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Conviction relating to department store conversion project shows the consequences of exposing workers to asbestos

Construction staff on a roof carrying out refurbishment

We noticed a story in the local media this week (Chronicle article here) that is not uncommon, but, we rarely see it on this scale.

We don’t know the details of this particular case, but what has been reported appears very concerning.

This was reportedly a £2.4m job to transform what was an iconic former department store in Sunderland city centre into student accommodation. The owners of the construction company were convicted of putting employees at ‘potentially fatal risk from asbestos’. There was potentially a 5-month period of ‘numerous’ employees experiencing ‘uncontrolled asbestos exposure.’

The sentencing is scheduled for a later date. An ‘unlimited’ fine and potential custodial sentence is highly likely. Directors will subsequently be stripped of their director status and the company will be forced to cease trading. They will never again be able to get business insurance or accreditations.

What could have been done to avoid this?

Of course, the solution would have been twofold: A thorough asbestos refurbishment survey carried out by a qualified and competent person and covering all of the areas that would be worked on. This, combined with sampling of any suspect materials and analysis by a quality UKAS accredited laboratory would have provided confidence that the work was safe to proceed.

It’s unlikely that any additional asbestos would have been found after this had been done. But even in the unlikely event that something had gone wrong and additional asbestos was identified, the business owners could have said that they did all that could reasonably be expected of them. But not in this case.

Whilst asbestos removal can be quite costly, the survey and sampling are not. It’s our view that it’s better to know what you are dealing with so it can be managed accordingly.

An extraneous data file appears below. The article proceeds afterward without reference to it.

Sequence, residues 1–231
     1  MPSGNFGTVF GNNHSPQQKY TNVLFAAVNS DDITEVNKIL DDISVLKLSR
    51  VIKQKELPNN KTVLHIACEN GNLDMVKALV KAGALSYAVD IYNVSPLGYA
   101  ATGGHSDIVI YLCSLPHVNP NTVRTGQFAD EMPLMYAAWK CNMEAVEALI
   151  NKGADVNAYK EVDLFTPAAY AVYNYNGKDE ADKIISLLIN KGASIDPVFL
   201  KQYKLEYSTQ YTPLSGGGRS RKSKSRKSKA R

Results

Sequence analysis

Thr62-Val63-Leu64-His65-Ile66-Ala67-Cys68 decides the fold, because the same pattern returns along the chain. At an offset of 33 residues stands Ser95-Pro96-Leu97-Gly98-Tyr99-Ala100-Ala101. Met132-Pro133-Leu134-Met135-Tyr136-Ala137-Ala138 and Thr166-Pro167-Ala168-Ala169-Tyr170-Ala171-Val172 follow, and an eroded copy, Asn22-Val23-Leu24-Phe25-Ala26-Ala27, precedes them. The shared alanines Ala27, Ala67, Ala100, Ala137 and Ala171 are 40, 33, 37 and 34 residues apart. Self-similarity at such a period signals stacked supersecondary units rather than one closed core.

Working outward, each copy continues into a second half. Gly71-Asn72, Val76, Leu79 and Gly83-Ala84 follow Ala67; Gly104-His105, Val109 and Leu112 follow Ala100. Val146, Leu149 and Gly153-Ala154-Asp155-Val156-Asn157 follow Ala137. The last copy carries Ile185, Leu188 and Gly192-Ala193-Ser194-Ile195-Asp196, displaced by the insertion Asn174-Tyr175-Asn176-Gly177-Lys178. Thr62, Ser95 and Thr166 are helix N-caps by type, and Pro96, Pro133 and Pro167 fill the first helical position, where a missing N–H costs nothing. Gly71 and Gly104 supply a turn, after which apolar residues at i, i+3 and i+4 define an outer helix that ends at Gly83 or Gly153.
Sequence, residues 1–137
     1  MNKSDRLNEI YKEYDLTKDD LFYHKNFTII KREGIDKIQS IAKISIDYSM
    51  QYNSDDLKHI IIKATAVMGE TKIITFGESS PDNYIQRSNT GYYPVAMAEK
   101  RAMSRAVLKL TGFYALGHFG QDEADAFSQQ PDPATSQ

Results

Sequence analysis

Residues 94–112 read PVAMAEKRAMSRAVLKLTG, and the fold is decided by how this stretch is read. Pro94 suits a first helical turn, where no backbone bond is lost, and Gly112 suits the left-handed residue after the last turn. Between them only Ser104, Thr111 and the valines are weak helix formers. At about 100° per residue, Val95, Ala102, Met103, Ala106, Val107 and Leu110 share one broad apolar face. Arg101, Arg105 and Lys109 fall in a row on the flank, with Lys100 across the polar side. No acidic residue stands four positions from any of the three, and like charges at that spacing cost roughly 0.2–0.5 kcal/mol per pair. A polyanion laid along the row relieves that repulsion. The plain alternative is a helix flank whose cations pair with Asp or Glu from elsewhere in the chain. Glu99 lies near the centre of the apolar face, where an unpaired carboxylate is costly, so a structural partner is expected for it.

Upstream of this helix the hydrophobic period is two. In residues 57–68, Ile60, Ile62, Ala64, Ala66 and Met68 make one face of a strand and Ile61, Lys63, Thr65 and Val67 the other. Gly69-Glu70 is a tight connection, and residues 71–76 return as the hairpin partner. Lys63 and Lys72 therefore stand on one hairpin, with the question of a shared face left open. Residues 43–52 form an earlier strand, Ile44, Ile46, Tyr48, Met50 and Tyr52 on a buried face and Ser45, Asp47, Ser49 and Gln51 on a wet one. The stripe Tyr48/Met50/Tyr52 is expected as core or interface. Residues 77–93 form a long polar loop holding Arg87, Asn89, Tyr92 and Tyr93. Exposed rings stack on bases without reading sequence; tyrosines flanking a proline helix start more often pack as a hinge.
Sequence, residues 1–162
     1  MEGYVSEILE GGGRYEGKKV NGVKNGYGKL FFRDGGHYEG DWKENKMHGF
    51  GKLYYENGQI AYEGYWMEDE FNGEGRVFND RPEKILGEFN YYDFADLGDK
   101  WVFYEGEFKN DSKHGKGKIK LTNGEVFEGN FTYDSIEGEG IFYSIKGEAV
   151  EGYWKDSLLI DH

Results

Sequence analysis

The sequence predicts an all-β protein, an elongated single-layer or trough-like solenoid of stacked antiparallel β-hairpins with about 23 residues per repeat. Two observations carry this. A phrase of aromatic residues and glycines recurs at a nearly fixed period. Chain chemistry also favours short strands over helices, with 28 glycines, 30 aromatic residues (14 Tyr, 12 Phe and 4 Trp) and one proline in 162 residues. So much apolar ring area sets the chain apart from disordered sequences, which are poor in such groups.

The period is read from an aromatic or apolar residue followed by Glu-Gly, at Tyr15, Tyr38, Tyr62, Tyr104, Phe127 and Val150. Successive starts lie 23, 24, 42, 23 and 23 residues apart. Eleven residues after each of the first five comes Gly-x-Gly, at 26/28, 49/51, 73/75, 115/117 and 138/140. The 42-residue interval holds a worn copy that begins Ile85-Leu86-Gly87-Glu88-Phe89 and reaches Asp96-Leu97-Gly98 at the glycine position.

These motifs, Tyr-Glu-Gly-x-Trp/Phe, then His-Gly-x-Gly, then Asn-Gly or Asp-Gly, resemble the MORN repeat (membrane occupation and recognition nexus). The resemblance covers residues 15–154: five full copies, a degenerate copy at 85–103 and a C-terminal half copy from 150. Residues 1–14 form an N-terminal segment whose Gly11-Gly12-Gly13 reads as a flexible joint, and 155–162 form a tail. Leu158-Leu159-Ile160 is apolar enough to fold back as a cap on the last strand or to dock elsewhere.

What went wrong?

The key to this prosecution was the finding that the directors ‘knowingly’ took no steps to avoid exposing workers to asbestos. Courts take a dim view of laws being disregarded.

From the above finding, it appears that a survey had not been done.

The fact that a supervisor was asked to ‘look out for asbestos’ suggests no confidence in the safety of the premises. Perhaps even that asbestos was suspected.

We should of course all look out for asbestos if undertaking this kind of work, but it should be out of precaution and the last line of defence, rather than the expectation of finding any asbestos. Any suspect materials should have already been sampled and confirmed as not containing asbestos, or contained, or removed if there was any chance of them being disturbed.

Who should be trained in asbestos awareness?

Ideally, anyone working in a place in which they could come across asbestos should be trained to spot the signs of it in its various products. That gives you the best chance of avoiding the overlooking of hazardous materials.

All builders and trades professionals should undertake annual asbestos awareness training and have enough knowledge to know what type of documents are required (an asbestos refurbishment survey in this case, not just an asbestos management survey). They should be able to identify potential asbestos materials. Asbestos can be found in any building pre-1999 but those built in the 50s to 90s have a greater chance of containing asbestos, including older buildings where asbestos could have been introduced during refurbishment works.

What is our view?

As we said at the beginning, we don’t know the specifics of this case. But we are aware from experience that this kind of thing happens far too often.

It happens a lot in shop fitting. This is often work that is done fairly frequently, to update, modernise, or change the use of an old building. It often involves quite intrusive work, such as ripping out floors and ceilings, certainly penetrating some of these surfaces. And, despite the age of the buildings and the extent of the work, asbestos surveys are neglected.

There are three common reasons for this:

  • It’s assumed that this survey must have been done in the past. ‘There’s probably no issue.’
  • Something has been done, such as a basic survey that does not properly cover the area of work. Even a sampling exercise on one material, leaving many other suspect materials not sampled and not analysed. This is then mistaken for proof that everything is fine.
  • It can in some cases be that the business owners (duty holders) are ignorant or uncaring about the consequences of their actions. We find either position astonishing and worrying. But it definitely applies in some cases.



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